South West Cape Track: hard or easy? It depends on your expectations as created by your experience and the context within which the word is used. Pictured are the others walking along the path that most found easy. I added challenge by climbing little thises and thats along the way. Warning: the blog this week is not easy :-).
I stood on the summit of New Harbour Range, mesmerised by the view, my spirit reaching out towards Antarctica to the south, South America to the West, New Zealand to the east. Infinite space; infinite glory; infinite peace. My being was no longer coterminous with my epidermal layer but transcended to a space beyond, which could not be numbered. One of the three companions who had climbed with me turned to me and said, most aptly: “You know, I’m not a religious person, Louise, but this here is the nearest I get to a religious experience.”
He is, of course, so right, but his words had a bitter sting in our current political context, as we bushwalkers are, basically, fighting for our right to have experiences like this in this area we called wilderness, to keep these areas accessible yet untarnished by the sound of jet skis, the sight of grand luxury tourist hotels and cable cars. Liberal governments, both state and federal, make the assumption that spiritual connection to the land – a transcendental experience that is prompted by place – is something that only indigenous people can experience, and that if a non-indigenous person has what might be called a soul, then they should go off to a dark and musty church building made by human hands in order to connect with the eternal. I am sure there must be somewhere bushwalkers who are only there because it’s “sport” and a challenge to be had in nature, but the ones I mix with are there in the wild places because it is precisely in such infinite beauty that we find freedom and peace, and that these are things we need to keep happy and sane.
A pack. A wild beach. Does it get any better than that? (Hidden Bay).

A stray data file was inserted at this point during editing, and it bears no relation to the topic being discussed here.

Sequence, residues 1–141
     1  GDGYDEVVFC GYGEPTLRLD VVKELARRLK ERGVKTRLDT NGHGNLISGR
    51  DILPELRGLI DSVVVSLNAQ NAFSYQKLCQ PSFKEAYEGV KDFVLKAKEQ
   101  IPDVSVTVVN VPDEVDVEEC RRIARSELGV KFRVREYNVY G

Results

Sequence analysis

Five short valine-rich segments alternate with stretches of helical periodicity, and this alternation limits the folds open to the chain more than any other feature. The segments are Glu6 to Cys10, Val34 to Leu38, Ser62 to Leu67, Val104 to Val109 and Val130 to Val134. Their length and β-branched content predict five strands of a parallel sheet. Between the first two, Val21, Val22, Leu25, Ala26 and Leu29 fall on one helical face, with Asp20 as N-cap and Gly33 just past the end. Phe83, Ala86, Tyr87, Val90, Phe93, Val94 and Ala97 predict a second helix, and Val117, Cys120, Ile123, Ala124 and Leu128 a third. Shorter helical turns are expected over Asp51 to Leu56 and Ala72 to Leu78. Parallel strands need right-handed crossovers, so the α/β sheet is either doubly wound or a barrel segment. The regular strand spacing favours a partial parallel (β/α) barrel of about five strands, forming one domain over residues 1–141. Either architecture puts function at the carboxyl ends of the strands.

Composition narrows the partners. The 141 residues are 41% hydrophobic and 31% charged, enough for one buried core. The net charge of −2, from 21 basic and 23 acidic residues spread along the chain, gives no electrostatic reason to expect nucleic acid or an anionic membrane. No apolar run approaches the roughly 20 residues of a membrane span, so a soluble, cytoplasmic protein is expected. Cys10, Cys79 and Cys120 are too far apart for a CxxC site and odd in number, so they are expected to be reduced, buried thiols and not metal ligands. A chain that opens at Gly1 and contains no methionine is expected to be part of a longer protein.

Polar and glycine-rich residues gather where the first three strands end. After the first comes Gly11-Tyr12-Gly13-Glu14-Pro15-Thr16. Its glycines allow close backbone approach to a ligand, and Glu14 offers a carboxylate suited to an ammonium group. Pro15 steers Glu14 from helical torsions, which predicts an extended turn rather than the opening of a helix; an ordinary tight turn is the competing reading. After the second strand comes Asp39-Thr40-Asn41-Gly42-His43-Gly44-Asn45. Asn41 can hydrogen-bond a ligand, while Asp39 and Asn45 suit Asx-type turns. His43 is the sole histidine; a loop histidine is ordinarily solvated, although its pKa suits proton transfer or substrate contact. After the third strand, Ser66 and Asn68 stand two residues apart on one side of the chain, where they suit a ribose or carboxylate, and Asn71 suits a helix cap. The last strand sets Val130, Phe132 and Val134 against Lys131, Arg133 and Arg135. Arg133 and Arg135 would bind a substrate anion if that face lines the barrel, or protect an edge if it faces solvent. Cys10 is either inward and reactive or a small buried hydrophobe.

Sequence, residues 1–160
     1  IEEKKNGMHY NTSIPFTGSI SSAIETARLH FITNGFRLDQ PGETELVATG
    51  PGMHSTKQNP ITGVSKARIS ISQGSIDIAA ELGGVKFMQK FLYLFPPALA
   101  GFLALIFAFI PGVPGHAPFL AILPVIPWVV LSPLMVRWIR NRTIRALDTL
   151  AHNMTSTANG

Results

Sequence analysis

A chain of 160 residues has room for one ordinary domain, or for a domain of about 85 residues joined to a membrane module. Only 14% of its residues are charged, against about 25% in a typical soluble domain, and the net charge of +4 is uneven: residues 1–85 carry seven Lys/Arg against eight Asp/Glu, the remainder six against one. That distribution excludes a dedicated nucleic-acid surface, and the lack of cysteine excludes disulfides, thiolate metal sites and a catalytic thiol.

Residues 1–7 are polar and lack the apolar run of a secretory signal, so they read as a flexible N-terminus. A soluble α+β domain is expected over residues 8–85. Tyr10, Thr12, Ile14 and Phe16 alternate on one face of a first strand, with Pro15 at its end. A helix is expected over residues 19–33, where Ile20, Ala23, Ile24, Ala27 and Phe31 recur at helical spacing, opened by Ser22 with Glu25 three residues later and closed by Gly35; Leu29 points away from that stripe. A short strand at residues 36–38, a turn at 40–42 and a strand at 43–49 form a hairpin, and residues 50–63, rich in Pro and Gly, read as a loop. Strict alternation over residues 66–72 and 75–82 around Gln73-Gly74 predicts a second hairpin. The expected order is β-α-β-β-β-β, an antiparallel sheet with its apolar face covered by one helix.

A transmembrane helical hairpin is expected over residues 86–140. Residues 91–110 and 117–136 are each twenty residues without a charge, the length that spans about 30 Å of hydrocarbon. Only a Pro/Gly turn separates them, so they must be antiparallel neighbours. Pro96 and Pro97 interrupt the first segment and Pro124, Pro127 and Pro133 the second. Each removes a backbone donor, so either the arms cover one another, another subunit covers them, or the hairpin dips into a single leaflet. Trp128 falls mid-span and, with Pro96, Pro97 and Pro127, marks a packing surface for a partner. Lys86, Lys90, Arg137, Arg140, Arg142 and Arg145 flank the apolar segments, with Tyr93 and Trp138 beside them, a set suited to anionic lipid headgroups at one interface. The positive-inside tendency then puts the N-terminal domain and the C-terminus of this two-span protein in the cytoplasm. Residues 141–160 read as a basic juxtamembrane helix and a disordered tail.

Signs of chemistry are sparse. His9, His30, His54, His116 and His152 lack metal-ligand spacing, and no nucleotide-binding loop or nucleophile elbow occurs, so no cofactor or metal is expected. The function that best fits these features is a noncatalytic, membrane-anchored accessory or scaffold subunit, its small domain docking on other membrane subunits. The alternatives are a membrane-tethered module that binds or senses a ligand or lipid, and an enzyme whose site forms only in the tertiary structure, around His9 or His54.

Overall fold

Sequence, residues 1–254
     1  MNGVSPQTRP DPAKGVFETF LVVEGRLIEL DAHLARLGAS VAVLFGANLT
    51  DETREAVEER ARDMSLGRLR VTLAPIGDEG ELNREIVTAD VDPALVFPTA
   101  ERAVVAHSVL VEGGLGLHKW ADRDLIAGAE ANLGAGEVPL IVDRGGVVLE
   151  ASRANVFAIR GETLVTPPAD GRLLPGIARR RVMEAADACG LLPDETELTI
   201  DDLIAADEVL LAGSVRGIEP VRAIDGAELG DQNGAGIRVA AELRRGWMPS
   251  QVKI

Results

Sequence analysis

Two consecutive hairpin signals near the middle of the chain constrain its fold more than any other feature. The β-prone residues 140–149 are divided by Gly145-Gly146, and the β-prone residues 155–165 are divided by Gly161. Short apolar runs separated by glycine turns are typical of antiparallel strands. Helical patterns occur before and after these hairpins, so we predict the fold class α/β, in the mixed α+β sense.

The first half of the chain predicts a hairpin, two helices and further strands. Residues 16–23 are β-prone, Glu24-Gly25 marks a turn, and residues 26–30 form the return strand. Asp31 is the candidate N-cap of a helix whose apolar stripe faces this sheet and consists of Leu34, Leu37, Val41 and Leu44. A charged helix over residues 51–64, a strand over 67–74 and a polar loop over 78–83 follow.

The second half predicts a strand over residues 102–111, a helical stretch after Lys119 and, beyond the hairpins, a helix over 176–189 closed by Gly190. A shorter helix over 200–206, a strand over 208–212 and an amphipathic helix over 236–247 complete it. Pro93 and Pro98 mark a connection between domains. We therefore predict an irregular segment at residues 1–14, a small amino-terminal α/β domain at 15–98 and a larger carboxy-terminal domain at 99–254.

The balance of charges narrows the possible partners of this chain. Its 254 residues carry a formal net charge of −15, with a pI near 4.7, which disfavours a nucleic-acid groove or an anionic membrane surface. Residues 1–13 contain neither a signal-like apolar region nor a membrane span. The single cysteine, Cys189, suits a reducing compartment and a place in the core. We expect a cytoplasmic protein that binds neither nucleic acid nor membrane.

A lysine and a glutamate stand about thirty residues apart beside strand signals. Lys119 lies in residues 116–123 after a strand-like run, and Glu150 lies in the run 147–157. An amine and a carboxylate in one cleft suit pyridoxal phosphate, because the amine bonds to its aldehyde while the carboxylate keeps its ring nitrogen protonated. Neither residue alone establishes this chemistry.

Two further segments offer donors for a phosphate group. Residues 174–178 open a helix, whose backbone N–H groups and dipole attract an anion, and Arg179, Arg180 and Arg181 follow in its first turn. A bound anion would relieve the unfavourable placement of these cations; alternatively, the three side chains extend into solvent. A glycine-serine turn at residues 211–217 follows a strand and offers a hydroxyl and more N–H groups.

Denny King airstrip at Melaleuca, ready to venture into this part of the state that I have long coveted but never had the opportunity to explore.
As I reclined in my tent on the final evening, gazing out past rainforest trees at the endless variety of the patterns of force as the waves crashed on the sand about 120 metres from my bed, I thought about our governments and their concept of luxury, for to me there is no greater luxury than the liberty to have this sight. I let my eyes wander in the direction of Antarctica to the south, a place that I could not see, but just knowing that it was the next expanse of land was enough to thrill – like reading on a menu the process of marination and the herbs and spices that have gone into the dish you’re about to eat. The very knowledge adds flavour that you would not otherwise experience.
Day 3. So far, we are avoiding the shepherds’ warning of the dawn and are enjoying glorious weather for our climb to Mt Karamu. Here we are looking back east as we head for Wilsons Bight.
I thought about how simple our needs become in the wilderness. Do you want to know what I thought of as other luxuries? Not a glass of champagne on a pontoon with fake palm trees and facile conversation with others whose world revolves around money. No. Here is my list of “negative luxuries” if you will: dry boots at the end of a day; packing up the tent without rain falling on you; putting your hand out the tent flap without having leeches jumping onto it; feeling free to use toilet paper rather than leaves (a self-inflicted hardship I employ to help protect the environment); food that has not been dehydrated; fresh undies each day. “That sounds horrid”, do I hear you say? These little pleasures are so often taken for granted yet they also indicate tiny hardships we take on board for the greater luxury of being there in the midst of such unattenuated beauty, and the beauty is so overwhelming that we just laugh together at what we go through to be there.